There is nothing profound about my outline, it isn’t cute or cleverly alliterated. I simply tried to the best of my ability to extract the text’s outline and communicate it. Because grace is the the subject, the first point is an explanation of what grace is and what is meant by its appearing. Because everything else in the passage spanning from verses 12 through 14 concerns grace's training work, that forms the second point. Grace trains us to renounce, live and wait.
The Zondervan Exegetical Commentary on the New Testament is a new, ongoing commentary series that includes a propositional display for every textual unit. This is an excellent resource to ensure that your display is on the right track.
#4 Work Hard on Your Own
Commentaries should be used, but that’s the next step. Initial outlining and explanation should be done before consulting commentaries. You want to safeguard yourself from copying someone else's interpretation and becoming a clone. Also, you don’t want to rob yourself of the joy of discovery.
Some Christians are opposed to commentaries. That is a strange position to hold to. Commentaries are gifts to the church. Scholars have dedicated their lives to the deep study of Scripture. They have become specialists in their fields to a depth that the local pastor cannot match. Commentaries are the fruit of their labor.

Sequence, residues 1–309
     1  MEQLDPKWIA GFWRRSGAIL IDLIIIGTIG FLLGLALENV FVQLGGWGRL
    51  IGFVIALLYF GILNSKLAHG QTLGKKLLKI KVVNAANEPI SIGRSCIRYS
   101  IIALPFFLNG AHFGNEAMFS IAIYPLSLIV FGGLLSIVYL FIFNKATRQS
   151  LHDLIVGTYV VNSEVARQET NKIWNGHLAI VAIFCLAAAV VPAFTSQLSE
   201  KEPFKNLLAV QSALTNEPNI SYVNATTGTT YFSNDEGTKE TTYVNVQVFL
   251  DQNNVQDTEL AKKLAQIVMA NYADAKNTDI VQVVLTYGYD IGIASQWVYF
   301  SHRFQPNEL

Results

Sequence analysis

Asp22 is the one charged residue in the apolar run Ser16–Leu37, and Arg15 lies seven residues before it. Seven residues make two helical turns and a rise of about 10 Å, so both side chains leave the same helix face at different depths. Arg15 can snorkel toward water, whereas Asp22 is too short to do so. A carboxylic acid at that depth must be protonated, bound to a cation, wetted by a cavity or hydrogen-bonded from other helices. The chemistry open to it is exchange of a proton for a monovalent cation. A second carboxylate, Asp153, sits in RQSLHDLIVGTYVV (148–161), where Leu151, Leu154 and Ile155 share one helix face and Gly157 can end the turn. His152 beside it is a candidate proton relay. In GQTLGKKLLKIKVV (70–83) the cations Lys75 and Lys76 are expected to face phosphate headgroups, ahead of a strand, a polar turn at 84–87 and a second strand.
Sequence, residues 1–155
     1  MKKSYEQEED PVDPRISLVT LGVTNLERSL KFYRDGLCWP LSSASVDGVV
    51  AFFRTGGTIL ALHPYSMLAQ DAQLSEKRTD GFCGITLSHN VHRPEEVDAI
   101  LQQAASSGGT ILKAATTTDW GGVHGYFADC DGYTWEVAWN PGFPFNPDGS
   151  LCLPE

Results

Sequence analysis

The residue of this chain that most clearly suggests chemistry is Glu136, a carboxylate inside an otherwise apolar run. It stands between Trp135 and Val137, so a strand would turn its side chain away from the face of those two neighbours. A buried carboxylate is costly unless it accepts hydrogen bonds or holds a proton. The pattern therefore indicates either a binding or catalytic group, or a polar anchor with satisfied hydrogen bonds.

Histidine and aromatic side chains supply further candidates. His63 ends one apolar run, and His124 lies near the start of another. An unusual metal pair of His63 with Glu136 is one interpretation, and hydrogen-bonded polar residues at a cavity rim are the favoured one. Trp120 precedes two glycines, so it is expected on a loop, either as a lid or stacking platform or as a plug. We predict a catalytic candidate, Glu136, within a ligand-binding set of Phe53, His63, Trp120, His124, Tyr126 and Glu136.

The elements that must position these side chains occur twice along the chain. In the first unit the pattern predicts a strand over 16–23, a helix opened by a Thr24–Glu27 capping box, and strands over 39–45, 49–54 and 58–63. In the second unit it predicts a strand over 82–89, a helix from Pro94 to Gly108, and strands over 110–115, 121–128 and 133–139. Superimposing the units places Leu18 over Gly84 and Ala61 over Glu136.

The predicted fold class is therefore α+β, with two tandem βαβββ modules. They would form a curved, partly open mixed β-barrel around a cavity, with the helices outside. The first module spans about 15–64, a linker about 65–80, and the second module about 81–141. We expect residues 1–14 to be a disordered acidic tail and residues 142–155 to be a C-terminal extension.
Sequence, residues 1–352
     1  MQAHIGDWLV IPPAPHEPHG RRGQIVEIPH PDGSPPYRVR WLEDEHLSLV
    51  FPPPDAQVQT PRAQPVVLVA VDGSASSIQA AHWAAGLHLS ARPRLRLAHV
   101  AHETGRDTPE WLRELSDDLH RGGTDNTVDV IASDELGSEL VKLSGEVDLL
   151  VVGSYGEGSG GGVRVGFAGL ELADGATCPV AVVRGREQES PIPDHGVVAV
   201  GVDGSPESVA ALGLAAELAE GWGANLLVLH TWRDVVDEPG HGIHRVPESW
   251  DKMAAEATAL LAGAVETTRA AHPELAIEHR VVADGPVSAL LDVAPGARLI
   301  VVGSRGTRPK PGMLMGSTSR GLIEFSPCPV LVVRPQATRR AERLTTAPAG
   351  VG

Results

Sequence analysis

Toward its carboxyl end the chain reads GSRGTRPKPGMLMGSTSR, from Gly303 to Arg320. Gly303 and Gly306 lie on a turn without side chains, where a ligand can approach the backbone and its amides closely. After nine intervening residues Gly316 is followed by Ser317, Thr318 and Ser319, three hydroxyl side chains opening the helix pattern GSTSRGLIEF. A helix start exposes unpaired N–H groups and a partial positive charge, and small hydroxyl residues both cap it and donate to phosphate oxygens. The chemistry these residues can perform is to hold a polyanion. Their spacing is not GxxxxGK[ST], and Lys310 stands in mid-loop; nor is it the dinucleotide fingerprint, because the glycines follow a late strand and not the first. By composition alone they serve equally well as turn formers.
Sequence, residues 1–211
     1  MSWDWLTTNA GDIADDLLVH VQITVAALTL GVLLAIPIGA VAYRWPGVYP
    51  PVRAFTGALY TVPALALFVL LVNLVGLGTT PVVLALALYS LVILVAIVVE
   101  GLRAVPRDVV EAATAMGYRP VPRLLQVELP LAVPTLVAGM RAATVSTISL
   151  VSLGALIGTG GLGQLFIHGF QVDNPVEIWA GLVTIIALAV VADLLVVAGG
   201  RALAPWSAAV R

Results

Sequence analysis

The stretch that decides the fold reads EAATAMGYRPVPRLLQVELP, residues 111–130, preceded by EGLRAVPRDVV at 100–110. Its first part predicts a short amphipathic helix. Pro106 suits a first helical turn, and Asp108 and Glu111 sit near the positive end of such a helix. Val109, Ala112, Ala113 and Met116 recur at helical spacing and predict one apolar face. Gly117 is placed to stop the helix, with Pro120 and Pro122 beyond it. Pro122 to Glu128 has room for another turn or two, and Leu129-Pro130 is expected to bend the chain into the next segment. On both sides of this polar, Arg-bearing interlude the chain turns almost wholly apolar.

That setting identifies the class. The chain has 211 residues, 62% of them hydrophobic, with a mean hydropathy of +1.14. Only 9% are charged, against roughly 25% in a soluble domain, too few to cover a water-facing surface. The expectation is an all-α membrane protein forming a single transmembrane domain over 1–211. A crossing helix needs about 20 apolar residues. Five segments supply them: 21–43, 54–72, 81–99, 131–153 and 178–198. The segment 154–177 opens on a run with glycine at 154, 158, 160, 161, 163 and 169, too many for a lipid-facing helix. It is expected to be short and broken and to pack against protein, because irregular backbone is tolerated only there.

In my own study of Scripture I read as many commentaries as I possibly can. I don’t want to miss any idea or interpretation. Reading multiple commentaries provides a forum for various scholars to debate eachother about the passage's meaning.
In my process of consulting commentaries, I always begin at the most simple level and work my way up to as advanced as I can comprehend. I’ll read all the introductions and then the actual expositions of texts. First, I consult study Bible notes, usually the MacArthur and ESV Study Bibles. Next, I read an expositional commentary like the Tyndale series (TOTC, TNTC). Then, I’ll read a more intermediate commentary like the MacArthur New Testament Commentary (MNTC), the New American Commentary Series (NAS) or the Pillar New Testament Commentary Series (PNTC). Finally, I’ll read several advanced commentaries. At this level, the commentaries I regularly consult are the New International Commentary Series (NICOT, NICNT), the Zondervan Exegetical Commentary Series (ZEC), and the Baker Exegetical Commentary on the New Testament Series (BECNT).
#6 Pray Again
Prayer in sermon preparation shouldn’t be limited to the beginning of the project alone. The whole sermon process should be bathed and book ended in prayer. Delivering the King’s message is dependent upon the Holy Spirit’s guidance, illumination, and power.
Here is the sermon I preached on Titus 2:11-14:
God's Grace: The Foundation of Christian Life from Desert Heights Church on Vimeo.